September 4, 2014 by

We love to talk about public relations and branding missteps. What’s more fun than shuddering at Market Basket’s month-long debacle, or how the media wages war on itself over racial issues?

Thoughtful, well-executed PR isn’t as sensational, but it sure does paint a prettier picture. And CVS just dropped the mic with its name change to CVS Health.

I know, I know – Ryan Gosling and Bradley Cooper aren’t exactly fighting over who’ll play the lead role in the explosive blockbuster detailing the subtle CVS rebrand. To watch the ginormous brand successfully shift its model without stepping on a single PR eggshell, however, brings a tear to the eye.

The real PR execution came to light months ago, when the Company announced it would stop selling tobacco. The move was reflective of a gradual shift away from the convenience store model and closer to preventive health. As EZG client Reynders, McVeigh pointed out in this Barron’s article, CVS is “in a prime position to benefit from the ongoing revolution in American healthcare.”

The Company is aiming to become the leader in consumer-facing preventive healthcare, which is a far cry from the foundational goals inherent in the name (Consumer Value Stores).  Such a wholesale shift could have inspired a public relations backlash from both media and the Street – unless it was handled with:

  1. incredible foresight,
  2. careful alignment with corporate goals,
  3. buy-in at every level of the organization,
  4. patience, and
  5. a message that featured restraint and sensitivity to an enormous global audience.

It seems that CVS was equal to the task.  The Company went loud with its plans early in 2014 with the tobacco draw down. It was the perfect segue into the big picture, as CEO Larry Merlo noted in The New York Times that “we have about 26,000 pharmacists and nurse practitioners helping patients manage chronic problems like high cholesterol, high blood pressure and heart disease, all of which are linked to smoking…We came to the decision that cigarettes and providing health care just don’t go together in the same setting.”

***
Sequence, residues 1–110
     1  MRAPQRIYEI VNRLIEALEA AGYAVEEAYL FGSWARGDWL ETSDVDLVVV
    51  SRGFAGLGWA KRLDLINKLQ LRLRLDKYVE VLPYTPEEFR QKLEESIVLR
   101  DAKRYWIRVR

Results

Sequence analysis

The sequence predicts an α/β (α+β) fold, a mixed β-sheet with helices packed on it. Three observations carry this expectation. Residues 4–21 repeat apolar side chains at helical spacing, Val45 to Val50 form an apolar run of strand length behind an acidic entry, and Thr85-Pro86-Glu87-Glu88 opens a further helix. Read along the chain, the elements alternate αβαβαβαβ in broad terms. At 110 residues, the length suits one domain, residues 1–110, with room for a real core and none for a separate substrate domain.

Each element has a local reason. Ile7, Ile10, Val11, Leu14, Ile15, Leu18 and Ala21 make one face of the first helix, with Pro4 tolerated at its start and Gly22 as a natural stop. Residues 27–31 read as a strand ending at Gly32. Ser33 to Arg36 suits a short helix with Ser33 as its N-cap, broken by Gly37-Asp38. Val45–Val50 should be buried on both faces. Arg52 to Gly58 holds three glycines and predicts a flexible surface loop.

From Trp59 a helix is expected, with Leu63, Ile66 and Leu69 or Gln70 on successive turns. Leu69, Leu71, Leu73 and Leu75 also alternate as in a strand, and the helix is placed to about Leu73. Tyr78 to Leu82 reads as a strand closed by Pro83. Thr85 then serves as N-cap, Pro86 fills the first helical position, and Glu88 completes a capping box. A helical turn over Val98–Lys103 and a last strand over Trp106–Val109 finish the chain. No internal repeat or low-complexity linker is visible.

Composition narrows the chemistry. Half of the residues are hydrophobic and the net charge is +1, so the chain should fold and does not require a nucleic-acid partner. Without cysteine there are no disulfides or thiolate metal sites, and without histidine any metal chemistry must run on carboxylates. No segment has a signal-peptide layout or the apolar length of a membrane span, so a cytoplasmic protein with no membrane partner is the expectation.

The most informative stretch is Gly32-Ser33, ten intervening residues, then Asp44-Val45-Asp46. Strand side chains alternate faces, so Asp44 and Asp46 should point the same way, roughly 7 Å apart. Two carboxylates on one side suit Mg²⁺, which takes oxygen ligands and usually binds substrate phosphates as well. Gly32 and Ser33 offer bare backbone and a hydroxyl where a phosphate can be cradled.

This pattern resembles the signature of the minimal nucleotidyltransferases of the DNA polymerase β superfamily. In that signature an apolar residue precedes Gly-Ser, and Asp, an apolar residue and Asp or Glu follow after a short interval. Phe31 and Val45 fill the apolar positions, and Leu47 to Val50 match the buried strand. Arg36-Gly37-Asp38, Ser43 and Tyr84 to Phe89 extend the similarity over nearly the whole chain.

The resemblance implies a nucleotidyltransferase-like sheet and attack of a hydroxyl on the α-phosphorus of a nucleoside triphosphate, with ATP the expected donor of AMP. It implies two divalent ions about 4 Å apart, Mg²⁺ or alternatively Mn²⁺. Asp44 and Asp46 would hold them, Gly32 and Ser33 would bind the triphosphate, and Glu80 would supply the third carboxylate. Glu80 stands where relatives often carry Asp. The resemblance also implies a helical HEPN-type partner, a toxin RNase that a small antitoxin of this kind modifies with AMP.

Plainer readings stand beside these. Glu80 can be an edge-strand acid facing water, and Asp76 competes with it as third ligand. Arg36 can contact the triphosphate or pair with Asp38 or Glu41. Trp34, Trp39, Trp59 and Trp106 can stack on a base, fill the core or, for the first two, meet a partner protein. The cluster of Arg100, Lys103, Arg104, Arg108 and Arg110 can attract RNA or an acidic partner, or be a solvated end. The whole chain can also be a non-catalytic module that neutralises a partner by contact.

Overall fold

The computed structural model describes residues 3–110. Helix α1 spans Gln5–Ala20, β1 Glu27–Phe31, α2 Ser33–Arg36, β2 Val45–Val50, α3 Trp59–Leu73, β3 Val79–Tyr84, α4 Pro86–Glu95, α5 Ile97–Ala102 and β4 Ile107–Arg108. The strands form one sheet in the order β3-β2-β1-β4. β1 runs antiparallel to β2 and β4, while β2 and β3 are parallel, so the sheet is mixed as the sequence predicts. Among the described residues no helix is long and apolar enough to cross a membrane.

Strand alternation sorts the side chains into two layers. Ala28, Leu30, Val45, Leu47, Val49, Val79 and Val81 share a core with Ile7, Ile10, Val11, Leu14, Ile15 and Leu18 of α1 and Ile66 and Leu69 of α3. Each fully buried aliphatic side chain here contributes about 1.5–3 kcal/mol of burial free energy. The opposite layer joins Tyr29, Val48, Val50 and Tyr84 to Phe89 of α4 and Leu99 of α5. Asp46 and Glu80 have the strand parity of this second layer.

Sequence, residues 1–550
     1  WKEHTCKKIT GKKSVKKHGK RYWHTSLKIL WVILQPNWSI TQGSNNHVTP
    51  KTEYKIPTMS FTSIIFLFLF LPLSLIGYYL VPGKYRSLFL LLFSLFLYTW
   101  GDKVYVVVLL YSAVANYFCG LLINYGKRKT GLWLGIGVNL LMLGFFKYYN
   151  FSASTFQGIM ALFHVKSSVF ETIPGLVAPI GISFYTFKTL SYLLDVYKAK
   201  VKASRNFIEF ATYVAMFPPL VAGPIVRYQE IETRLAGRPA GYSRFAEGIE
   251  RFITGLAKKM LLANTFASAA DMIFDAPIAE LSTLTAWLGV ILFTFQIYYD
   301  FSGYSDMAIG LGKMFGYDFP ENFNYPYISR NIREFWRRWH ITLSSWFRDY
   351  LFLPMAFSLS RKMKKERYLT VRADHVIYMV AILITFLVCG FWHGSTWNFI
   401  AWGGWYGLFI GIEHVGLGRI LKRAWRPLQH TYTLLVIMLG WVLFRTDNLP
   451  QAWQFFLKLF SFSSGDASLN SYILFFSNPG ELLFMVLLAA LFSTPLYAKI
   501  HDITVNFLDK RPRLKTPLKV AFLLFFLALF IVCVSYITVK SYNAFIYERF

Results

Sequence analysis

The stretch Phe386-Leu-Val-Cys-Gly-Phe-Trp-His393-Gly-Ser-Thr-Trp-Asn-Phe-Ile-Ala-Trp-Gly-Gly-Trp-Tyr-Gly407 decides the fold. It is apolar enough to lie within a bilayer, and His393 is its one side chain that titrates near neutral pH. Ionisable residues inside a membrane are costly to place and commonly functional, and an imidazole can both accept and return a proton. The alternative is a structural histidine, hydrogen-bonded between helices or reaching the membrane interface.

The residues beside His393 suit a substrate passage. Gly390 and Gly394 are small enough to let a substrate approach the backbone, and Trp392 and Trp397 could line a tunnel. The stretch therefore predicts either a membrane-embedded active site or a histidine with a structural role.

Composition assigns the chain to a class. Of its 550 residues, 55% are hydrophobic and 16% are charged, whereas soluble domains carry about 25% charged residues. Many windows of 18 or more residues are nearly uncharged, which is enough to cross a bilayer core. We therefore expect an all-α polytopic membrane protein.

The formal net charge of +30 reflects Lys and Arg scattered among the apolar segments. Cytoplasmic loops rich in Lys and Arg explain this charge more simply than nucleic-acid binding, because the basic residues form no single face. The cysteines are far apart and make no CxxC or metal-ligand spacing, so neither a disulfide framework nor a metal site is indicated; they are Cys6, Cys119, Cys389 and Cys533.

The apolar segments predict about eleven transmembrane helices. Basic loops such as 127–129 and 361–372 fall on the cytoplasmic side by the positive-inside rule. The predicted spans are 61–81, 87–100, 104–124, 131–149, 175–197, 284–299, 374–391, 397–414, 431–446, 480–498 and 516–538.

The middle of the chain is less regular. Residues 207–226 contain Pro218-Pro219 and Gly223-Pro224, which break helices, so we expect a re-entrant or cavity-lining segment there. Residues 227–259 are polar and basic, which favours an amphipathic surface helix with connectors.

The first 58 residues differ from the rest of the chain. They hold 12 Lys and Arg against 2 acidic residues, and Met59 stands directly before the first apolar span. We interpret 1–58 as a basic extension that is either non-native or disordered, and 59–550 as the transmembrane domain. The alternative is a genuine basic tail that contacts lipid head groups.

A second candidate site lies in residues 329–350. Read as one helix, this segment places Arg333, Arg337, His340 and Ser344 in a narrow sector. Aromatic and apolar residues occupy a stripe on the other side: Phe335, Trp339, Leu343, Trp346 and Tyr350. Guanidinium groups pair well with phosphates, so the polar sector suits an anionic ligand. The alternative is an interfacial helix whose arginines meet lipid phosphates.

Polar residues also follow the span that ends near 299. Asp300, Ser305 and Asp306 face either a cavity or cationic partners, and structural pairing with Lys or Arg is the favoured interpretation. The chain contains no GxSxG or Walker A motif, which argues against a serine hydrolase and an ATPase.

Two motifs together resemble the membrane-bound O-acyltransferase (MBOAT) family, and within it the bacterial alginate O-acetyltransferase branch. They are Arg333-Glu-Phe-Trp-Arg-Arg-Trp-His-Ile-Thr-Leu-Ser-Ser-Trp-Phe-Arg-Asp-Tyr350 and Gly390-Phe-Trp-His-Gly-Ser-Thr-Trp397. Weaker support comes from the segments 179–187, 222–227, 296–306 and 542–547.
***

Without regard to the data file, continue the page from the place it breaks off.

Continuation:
Did you hear that in the back, there?  It’s not about cigarettes, people.  It’s about HELPING PATIENTS MANAGE CHRONIC PROBLEMS.

Fast forward to September 2014. After absorbing the reaction to its tobacco move, CVS announced  simultaneously that it would accelerate the removal of tobacco from its stores and change its name to CVS Health.

There are a dozen ways these steps could have been mismanaged. CVS could have make smoking the issue, creating an air of judgment and a forum for debate – instead it made it clear that tobacco simply conflicted with its focus on health. Executives could have led with the name change, then eliminated tobacco – instead it made a powerful connection with consumers before changing the brand.

The way it was played out, this brand and strategy shift couldn’t seem more natural. That’s just great branding, PR, and corporate strategy working together. Well played.

As the late, great, George Peppard would say (yes, fully recognize the irony of George’s trademark cigar here):

Why one game is a fantasy-turned-reality for advertisers

September 3, 2014 by

For many, the final weeks of August are a sad time: the summer is winding down and cold weather is creeping in from just around the corner.  However, for others, the end of August is the most exciting time of the entire year – because fantasy football is kicking off.

Image via jetnation.com.

As someone who is generally indifferent to the NFL, fantasy football season is personally dull for me. But as a marketer, I am completely obsessed.  It excites me because other fantasy sports drafts like baseball, basketball, and hockey pale in comparison to the billion dollar market fantasy football has created.

Fantasy football is particularly important to the advertising industry. 

First and foremost, fantasy football delivers a platform for an incredibly desirable demographic. The average fantasy football player is male, 30-40 years old, has a household income over $90k and has capital to spend. Using sports to reach this demographic is certainly not a new idea, but advertising within fantasy football allows marketers to reach this audience when they are most deeply engaged.